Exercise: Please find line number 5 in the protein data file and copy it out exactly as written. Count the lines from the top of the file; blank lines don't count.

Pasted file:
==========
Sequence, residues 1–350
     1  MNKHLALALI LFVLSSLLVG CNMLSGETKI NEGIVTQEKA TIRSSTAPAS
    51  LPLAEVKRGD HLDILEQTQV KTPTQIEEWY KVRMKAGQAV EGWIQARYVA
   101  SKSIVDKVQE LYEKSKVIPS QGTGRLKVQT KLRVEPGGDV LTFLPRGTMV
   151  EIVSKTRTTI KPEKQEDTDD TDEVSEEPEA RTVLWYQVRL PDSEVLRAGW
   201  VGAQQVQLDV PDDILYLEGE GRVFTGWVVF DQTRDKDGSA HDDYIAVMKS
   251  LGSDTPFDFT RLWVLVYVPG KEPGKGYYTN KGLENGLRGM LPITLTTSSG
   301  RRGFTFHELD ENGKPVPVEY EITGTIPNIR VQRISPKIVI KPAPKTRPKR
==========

   151  EIVSKTRTTI KPEKQEDTDD TDEVSEEPEA RTVLWYQVRL PDSEVLRAGW